GOP House Passes Spending Bill to Avert Shutdown
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The Fiscal Times
March 1, 2011

Political  ideology gave way to pragmatism Tuesday afternoon, as the GOP House overwhelmingly  approved a major spending measure to avert a government shutdown on Friday and buy additional time for congressional leaders and the White House to negotiate spending   cuts for the remainder of the fiscal year.

By a vote of 335 to 91, the House approved a resolution providing enough funds to keep the government operating for another two week, while cutting $4 billion in programs. Senate Majority Leader Harry Reid, D-Nev., said the Senate would approve the short-term measure by Thursday, and then send it on to the White House to be signed before a midnight Friday deadline.

Just over a week ago, House conservatives and freshman tea party advocates were demanding $61 billion or more in budget cuts for the remaining seven months of the fiscal year – unprecedented savings strongly opposed by President Obama and Senate Democrats that raised the prospects of a stalemate and  a possible government shutdown. Many of the 87 House GOP freshmen who were elected on platforms of fiscal restraint and government downsizing vowed to press for as much as $100 billion in cuts, even if it meant a budgetary train wreck and government shutdown.

“The only people talking about a shutdown are the
media and Democrats. I find that very interesting.”

Amid howls of complaints from Democratic lawmakers, special interest groups and some economists that the cuts would harm the poor and middle class and undermine the economic recovery, GOP leaders began to back down last week. The two government shutdowns in late 1995 and early 1996 proved to be political fiascos for the Republicans back then, and House Speaker John Boehner, R-Ohio, and Senate Republican Leader Mitch McConnell of Kentucky, wanted no part of another government crisis.

Asked today whether it was safe to assume it was no longer conceivable Republicans would support a government shutdown, Senate Republican Whip Jon Kyl of Arizona told The Fiscal Times:  “Correct. The only people talking about a shutdown are the media and Democrats. I find that very interesting.”

A Deal Quickly Cut
Once the White House signaled last week that it would go along with some spending cuts now, along the lines of proposed cuts outlined by President Obama in his 2012 budget, GOP and Democratic leaders quickly cut a deal for a stop-gap, two-week extension of the budget. It included $4 billion of savings – or about 7 percent of the cuts they originally proposed.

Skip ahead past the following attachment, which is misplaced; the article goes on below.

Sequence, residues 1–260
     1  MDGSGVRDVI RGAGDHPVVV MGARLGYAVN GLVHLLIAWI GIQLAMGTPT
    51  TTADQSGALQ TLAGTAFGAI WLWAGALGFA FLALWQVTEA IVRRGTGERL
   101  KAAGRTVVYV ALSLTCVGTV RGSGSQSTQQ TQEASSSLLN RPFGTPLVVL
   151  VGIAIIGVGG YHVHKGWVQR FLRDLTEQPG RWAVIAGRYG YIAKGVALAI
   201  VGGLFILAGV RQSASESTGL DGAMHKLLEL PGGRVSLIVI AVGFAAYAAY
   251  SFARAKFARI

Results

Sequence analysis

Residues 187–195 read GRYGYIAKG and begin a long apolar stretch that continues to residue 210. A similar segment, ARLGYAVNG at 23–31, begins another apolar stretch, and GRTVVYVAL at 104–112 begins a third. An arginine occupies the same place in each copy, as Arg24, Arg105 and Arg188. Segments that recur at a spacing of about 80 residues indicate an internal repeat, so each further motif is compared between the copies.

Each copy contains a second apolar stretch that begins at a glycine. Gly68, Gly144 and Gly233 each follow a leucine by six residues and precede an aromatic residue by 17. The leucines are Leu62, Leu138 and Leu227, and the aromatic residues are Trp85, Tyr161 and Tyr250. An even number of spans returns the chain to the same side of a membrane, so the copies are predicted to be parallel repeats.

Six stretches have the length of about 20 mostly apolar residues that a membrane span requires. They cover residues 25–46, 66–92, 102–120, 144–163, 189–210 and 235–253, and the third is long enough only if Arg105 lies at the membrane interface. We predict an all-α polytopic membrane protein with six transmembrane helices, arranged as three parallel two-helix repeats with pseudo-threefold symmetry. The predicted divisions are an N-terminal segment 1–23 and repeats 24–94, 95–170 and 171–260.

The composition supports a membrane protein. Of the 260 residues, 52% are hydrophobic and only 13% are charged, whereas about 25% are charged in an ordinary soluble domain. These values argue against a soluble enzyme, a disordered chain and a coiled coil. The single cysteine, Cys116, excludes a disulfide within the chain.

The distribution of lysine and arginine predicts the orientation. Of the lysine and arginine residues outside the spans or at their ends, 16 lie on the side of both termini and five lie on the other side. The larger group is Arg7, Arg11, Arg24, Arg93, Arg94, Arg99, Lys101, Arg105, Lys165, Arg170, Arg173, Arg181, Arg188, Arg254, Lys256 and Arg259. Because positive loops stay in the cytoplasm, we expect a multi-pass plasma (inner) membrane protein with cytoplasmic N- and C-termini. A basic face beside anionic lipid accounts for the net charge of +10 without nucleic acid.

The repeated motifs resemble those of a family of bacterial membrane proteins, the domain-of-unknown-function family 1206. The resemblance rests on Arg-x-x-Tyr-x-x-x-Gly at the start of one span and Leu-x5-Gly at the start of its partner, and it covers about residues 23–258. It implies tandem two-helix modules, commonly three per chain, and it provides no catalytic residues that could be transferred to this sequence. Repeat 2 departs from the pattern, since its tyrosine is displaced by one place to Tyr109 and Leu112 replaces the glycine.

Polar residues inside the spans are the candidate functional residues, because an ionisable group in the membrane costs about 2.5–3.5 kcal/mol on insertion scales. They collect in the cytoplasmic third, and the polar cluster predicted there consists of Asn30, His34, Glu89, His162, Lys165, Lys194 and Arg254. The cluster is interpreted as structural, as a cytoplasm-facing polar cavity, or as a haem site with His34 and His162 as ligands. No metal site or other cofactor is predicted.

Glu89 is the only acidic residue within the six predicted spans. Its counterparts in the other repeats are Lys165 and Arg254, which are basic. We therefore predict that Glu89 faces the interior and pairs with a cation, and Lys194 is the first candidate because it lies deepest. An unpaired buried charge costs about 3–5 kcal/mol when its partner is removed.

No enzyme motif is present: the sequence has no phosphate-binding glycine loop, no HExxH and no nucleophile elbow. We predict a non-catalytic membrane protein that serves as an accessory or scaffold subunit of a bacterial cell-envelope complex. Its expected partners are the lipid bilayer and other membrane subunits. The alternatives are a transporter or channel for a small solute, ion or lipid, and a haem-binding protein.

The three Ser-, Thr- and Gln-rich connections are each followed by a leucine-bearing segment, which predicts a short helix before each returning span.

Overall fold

Boehner and McConnell insisted Tuesday that the cuts in the short-term measure were merely an installment on the overall cuts they intend to achieve in future negotiations. "All of us know that cutting the spending of Washington, D.C., never happens,” Boehner told reporters. “And so to think that we're going to have significant cuts in spending levels — it's not going to be easy. I understand that.” McConnell agreed that even achieving $4 billion in cuts was a major event in Washington, but said he expects to get considerably more in savings before year’s end. “I would like to see us adopt the House position of $61 billion in cuts,” McConnell said optimistically.

But much of the bold talk about confrontation with the White House and a government shutdown has dissipated, and all but one House Republican freshman – Rep. Justin Amash of Michigan – voted in favor of the short-term measure. On his Facebook page, Amash wrote, “I support the efforts of my GOP colleagues to move the budget process along so that we can work toward serious spending reductions. Unfortunately, this budget cuts spending at the rate of only $133 million per week or $6.95 billion per year. That's four-tenths of one percent of our annual deficit.”

In all, only six Republicans voted against the short-term spending continuing resolution, including Rep. Michele Bachmann of Minnesota, the head of the House tea party caucus, Louie Gohmert, Tex., Walter Jones, N.C., Steve King, Iowa, and Ron Paul, Tex. House Democrats were divided on the measure: 104 Democrats backed it while 85 opposed it.

Washington Editor and D.C. Bureau Chief Eric Pianin is a veteran journalist who has covered the federal government, congressional budget and tax issues, and national politics. He spent over 25 years at The Washington Post.